The Five Year Bull Market and Smart Investing

| April 6, 2014

five year bull marketThe stock market recently celebrated the fifth year of growth since the start of the current bull market. Looking back, there are clear lessons for intelligent investors.

On March 9, 2009, the financial news was universally bad. The Standard & Poor’s 500 stock index had fallen 57% from its 2007 peak; headlines in the Wall Street Journal suggested that the Dow Jones Industrial Average could fall to 5,000; unemployment was reaching towards 10%; and General Motors was on the verge of filing for bankruptcy.

However, that was the day on which the bear market hit its bottom, and started to rebound. The rebound became a comeback, and the comeback became a bull market that has now lasted for more than five years. During this run the S&P 500 has returned more than 200%, and the Dow Jones hit 15,000 for the first time in May, 2013 – and then continued onward to top 16,000 by November.

The current bull market (and the bear market of 2007 to 2009) reinforced the lessons for intelligent, long-term investing. These can be summarized in four key words:

1. Continuity (not Timing): There is no way to tell exactly when the stock market hits a bottom and starts to climb, or hits a high and starts to fall. From the vantage point of history, such points are easily determined, but from day to day it is impossible. During the five years of this bull market, the market has seen the DJIA plunge nearly 1,000 points in a “flash crash” of May 6, 2010, and seen the market plunge hundreds of points when S&P downgraded America’s long term bond rating on August 5, 2011. Either event could have been imagined to be the end of the bull market, but both were just temporary setbacks in the continual climb.

Trying to time the market, to catch its upsides and avoid its downsides, is a fool’s exercise. Investors who panic and sell when the market is falling, or who rush in when the market is climbing, are in effect selling low and buying high. Instead, have a plan and stick to it through successive business cycles.

2. Diversification (not Favorites). It is fine to have one or two favorite investments to follow, but diversification remains the proven method of best participating in the gains and minimizing the losses inherent in the market. Diversification includes holding investments other than equities, with bonds, and fixed income investments included in a healthy portfolio. The best way to achieve this (if you are not sophisticated or do not want to commit the time to following the progress of individual stocks) is through a balanced mutual fund.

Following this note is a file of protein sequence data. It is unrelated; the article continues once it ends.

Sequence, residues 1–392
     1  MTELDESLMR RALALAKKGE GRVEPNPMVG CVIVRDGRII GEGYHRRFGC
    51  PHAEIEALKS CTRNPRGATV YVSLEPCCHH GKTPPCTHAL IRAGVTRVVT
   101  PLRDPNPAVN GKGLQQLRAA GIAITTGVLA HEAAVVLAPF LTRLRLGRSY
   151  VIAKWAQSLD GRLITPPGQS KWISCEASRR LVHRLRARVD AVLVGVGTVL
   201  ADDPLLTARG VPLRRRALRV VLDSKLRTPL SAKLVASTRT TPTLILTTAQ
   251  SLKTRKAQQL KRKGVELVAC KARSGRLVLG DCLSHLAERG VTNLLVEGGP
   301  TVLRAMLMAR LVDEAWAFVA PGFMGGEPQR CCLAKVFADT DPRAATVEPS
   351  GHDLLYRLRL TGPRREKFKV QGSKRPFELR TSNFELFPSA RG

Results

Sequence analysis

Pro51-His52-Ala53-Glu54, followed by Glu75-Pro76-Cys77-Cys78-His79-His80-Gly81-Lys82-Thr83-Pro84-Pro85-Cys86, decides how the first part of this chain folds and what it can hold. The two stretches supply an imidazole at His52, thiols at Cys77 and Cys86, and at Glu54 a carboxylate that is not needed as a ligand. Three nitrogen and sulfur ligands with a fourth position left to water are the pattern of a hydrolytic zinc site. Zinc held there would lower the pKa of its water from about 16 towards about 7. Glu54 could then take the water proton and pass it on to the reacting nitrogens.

Many people misunderstand what it is to be a “conservative” investor. They fear the volatility of the economy and think that being conservative means staying out of the equity market by choosing more “safe” investments. But this approach is really a decision to select only one type of investment (fixed income), and selecting just one type of investment is a very dangerous plan. A more careful and conservative approach is to hold different types of investments, which will mitigate against the swings of the economy.

3. Rebalance (don’t Let it Ride). Large moves in the market can wreck havoc on a balanced, diversified investment plan. An investor with a portfolio of 60% stocks and 40% in bonds at the start of the bear market in 2007 would on March 9, 2009 (the start of the bull market) have had 38% in stocks and 62% in bonds due to severe decline in the equity markets. This would have then deprived him or her of the full benefit of increases of the bull market from 2009 to the present.

Rebalancing is the system of planned selling and buying investments to return your portfolio to the intended ratios. It can be emotionally difficult, as it will mean selling some investments that are doing very well, and buying other that have lagged. But you don’t want to be an emotional investor – you want to be an intelligent investor.

4. Long-Term (not for Current Needs) The stock and bond markets are not the place for money that is needed in the short term or to meet current needs. Over the long term, these markets are stable and predictable; but for the short term they may be very violate. The long term growth prospects are not helpful when you need the money now. Investments ear-marked for needs that will reasonably arise in the next few years should be invested in guaranteed interest savings. The equity and bond markets are for long term investments, when you can take advantage of the long term growth of the economy.

So, what is the stock market going to do next? There are no guarantees. For most of us the best course remains consistent investment into a diversified portfolio, shaped to your personal time horizons and risk tolerance, and not worrying about when the market turns bull or bear.

Finally, always remember that the wealthy should not glory in their wealth, the wise should not glory in their wisdom, and the strong should not glory in their strength. Wealth corrodes, wisdom dims, and strength fades, but he that glories let him glory in this, that he understands and knows me, that I am the LORD who exercises lovingkindness, justice, and righteousness, in the earth: for in these things I delight, says the LORD. Jeremiah 9: 23

Category: Finances